2. The setting is the temple area in Jerusalem.
      1. The temple courtyards were “the” place to pray.
        1. The temple was the place God’s presence dwelled.
        2. The temple area was as close as you physically could come to God.
        3. Those facts had to make prayer there more effective.
      2. Those close enough to do so were expected to pray at the temple area three times a day.
        1. Thus people assembled at 9 am, noon, and 3 p.m. to pray.
        2. Do you remember that Peter and John in Acts 4 went to the temple at the hour of prayer and healed a lame man?
        3. Do you remember that Cornelius was praying at the hour of prayer when the angel came to him?
    3. The principle character of the parable is the Pharisee.
      1. The purpose of his prayer was to affirm his righteousness.
      2. The fact that “he prayed thus with himself” may mean one of two things.
        1. It may mean he prayed silently.
        2. It may mean he prayed to reinforce his opinions of himself.
      3. He declared himself righteous for two reasons.
        1. He was not like other “unfaithful” Jews–the extortioner, the unjust, the adulterer, or the tax collector (who was near by).
        2. He did the “right things.”
          1. He fasted twice a week [a custom followed by then devout Jews every Monday and Thursday–a supposed declaration that they knew their place without God having to act against them].
          2. He gave 10% of all he brought [not just prospered]; he went beyond common expectation.
      4. Please note nothing suggested his claims were insincere or false.
        1. He really thought he was righteous.
        2. He believed he did what was right and important.
        3. His obedience and compliance to tradition was meticulous.
        4. That was all he seemed to know to do–there is no reflection on the internal realities of his life.
    4. The secondary character in this parable is the Jewish tax collector.
      1. Jewish society regarded such people as scum, traitors, thieves to be rejected by “good Jews.”
      2. Nothing indicated that the Jewish tax collector was spiritually exceptional.
      3. The fact he stood removed could mean two things.
        1. It could mean he felt unworthy to stand by someone like the Pharisee.
        2. It could mean he felt unworthy to be near the temple.
      4. He did not assume the common prayer position–arms raised, face upward, eyes open.
        1. He was consumed with his unworthiness, so he bowed his head and beat on his chest to declare contempt for his sin.
      5. He said one sentence: “God, be merciful to me, a sinner!”
        1. He declared no self-virtues or religious achievements.
        2. He claimed no spiritual value.
        3. He asked for the only thing that could help–God’s mercy.
        4. He did not ask for mercy because he felt he deserved it, but because he needed it.
    5. God’s reaction in the situation was not at all what is expected.
      1. He was completely unimpressed with the Pharisee’s prayer.
        1. He did not even respond to it.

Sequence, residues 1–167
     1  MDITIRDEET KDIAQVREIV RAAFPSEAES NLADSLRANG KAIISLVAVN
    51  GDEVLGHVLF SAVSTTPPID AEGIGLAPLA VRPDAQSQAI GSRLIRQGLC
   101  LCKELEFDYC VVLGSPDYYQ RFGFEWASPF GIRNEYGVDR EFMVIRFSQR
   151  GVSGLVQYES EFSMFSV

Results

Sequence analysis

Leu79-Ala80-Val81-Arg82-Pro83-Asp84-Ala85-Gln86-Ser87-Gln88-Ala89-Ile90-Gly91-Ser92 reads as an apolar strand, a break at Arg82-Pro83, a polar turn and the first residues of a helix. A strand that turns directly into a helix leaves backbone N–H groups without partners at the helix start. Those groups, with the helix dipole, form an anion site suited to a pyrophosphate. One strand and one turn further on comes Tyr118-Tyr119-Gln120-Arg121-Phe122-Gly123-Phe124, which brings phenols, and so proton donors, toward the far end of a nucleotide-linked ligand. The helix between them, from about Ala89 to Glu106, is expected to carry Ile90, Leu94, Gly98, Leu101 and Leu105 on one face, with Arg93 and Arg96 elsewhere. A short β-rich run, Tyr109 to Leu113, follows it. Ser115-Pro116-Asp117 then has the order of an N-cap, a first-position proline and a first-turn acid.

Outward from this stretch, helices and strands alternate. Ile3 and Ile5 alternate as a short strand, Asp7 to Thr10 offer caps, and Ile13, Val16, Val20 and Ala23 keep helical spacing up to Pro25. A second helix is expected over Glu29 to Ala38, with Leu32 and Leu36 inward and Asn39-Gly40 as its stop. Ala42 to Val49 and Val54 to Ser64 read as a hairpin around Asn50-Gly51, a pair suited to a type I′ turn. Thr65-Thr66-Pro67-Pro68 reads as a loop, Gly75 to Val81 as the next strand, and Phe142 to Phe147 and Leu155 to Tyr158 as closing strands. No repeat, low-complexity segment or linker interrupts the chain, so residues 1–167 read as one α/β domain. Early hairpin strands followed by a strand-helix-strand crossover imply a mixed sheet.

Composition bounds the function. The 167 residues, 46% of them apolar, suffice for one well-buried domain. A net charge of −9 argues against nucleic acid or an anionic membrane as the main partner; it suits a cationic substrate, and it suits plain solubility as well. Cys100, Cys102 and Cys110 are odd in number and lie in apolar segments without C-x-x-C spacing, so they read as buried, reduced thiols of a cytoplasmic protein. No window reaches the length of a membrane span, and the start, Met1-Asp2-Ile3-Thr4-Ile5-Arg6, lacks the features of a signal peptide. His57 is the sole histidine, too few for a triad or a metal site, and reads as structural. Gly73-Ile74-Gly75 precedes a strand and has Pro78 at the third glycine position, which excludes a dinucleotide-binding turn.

2. The man felt no need for mercy, did not ask for mercy, and received no mercy from God.
        3. The man approached God on the basis of his achievements, and that is where God let him stand!
        4. How tragic that he did not realize his need for mercy!
        5. God did not justify the Pharisee!
      2. The compassionate God was so moved by the tax collector’s prayer that He justified the man!
        1. You need to understand God’s concept of justification to fully grasp the parable’s point!
        2. God removed that man’s sins from his account!
        3. In essence, God declared the outcast tax collector guiltless!
  3. We need the proper focus on the parable.
    1. Was the Pharisee wrong in what he did and did not do? No!
    2. Then what was his mistake?
      1. His concept of righteousness was incorrect because it was grossly inadequate.
        1. He thought righteousness was focused on human deeds.
        2. He did not understand the importance of attitude and internal values.
      2. He did not realize his own desperate need for mercy.
      3. He was clueless regarding his own mistakes and sinfulness.
      4. He felt good about himself because of what he did, and not what God did for him.
    3. Was the tax collector right in the evil things he did? No!
      1. The parable does not justify failures and mistakes.
      2. It does not say it is okay to do evil as long as you pray about your mistakes in the correct way.
      3. It does not turn evil into righteousness.
    4. The parable powerfully declares the kind of human response that touches a compassionate, merciful God.
      1. God is touched by human awareness of unworthiness.
      2. God is touched by honest human acknowledgment of sin.
      3. God is touched by honest confession that utterly depends on His mercy.
      4. God is touched by earnest pleas for forgiveness.

The parable says the supreme human expression of arrogance is for a person to believe he is righteous because of his own accomplishments and behavior. It says God does not respond to prayers and lives when we declare we are better than the “unfaithful” Christian. It says we do not prove our spiritual superiority by comparing ourselves to another human.

The parable stings! It hits too close to our lives! It exposes too much of our religious motivations in all their unattractiveness!

David Chadwell

Author: Greg

Welcome to Gods Message on the web. My name is Greg and I want to welcome you. I started doing these Podcasts, MP3, and Audio Books back in 2007. Stay awhile and make yourself at home. The Christian Podcasts here are free and for everyone to enjoy. I’m doing a complete series on David Chadwell who is a retired minister from Fort Smith, Arkansas. I’ve also done an Audio Book for Wayne Jacobsen’s the Naked Church. Plus a series of MP3s for Pastor Billy Crone and his The Final Countdown series.